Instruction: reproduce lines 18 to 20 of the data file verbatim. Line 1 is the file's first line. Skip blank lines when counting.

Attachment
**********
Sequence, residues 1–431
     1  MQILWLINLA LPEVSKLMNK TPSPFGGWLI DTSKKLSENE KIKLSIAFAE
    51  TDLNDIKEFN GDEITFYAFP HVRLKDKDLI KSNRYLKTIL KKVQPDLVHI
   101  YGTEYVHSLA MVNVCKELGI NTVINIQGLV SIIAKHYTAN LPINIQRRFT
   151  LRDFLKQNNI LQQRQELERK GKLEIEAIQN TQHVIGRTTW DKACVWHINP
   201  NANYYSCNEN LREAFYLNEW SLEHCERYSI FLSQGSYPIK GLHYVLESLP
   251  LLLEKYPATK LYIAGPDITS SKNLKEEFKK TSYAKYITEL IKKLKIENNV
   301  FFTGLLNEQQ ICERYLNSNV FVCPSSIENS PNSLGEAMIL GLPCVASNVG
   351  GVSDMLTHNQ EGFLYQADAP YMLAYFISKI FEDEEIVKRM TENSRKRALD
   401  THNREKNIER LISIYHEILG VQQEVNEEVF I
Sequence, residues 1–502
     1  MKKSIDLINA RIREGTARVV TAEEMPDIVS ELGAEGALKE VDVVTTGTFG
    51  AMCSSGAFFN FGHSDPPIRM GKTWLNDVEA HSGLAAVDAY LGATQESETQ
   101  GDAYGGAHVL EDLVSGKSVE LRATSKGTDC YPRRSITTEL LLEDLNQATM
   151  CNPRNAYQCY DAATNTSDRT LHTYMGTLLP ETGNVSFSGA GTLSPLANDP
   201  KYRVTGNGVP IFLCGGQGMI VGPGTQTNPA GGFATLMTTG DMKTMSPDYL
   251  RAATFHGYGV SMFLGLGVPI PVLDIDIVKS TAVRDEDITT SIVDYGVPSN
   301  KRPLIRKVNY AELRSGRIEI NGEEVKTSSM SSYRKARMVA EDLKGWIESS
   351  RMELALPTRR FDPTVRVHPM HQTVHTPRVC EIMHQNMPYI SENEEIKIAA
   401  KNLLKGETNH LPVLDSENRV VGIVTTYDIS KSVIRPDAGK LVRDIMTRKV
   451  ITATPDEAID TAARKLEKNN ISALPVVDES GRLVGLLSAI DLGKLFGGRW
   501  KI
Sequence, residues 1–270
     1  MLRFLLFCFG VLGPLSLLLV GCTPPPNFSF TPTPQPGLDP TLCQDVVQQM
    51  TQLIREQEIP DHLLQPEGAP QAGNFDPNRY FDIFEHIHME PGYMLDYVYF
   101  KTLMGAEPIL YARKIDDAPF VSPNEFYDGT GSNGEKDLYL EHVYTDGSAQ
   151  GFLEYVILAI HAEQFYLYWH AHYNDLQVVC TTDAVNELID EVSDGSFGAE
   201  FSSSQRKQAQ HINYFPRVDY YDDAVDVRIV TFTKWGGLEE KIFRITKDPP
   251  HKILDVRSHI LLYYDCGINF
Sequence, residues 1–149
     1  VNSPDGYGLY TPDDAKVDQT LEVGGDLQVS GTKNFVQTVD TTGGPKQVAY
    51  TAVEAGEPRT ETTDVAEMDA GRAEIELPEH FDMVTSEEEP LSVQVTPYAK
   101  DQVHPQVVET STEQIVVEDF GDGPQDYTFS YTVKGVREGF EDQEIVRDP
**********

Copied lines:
   301  KRPLIRKVNY AELRSGRIEI NGEEVKTSSM SSYRKARMVA EDLKGWIESS
   351  RMELALPTRR FDPTVRVHPM HQTVHTPRVC EIMHQNMPYI SENEEIKIAA
   401  KNLLKGETNH LPVLDSENRV VGIVTTYDIS KSVIRPDAGK LVRDIMTRKV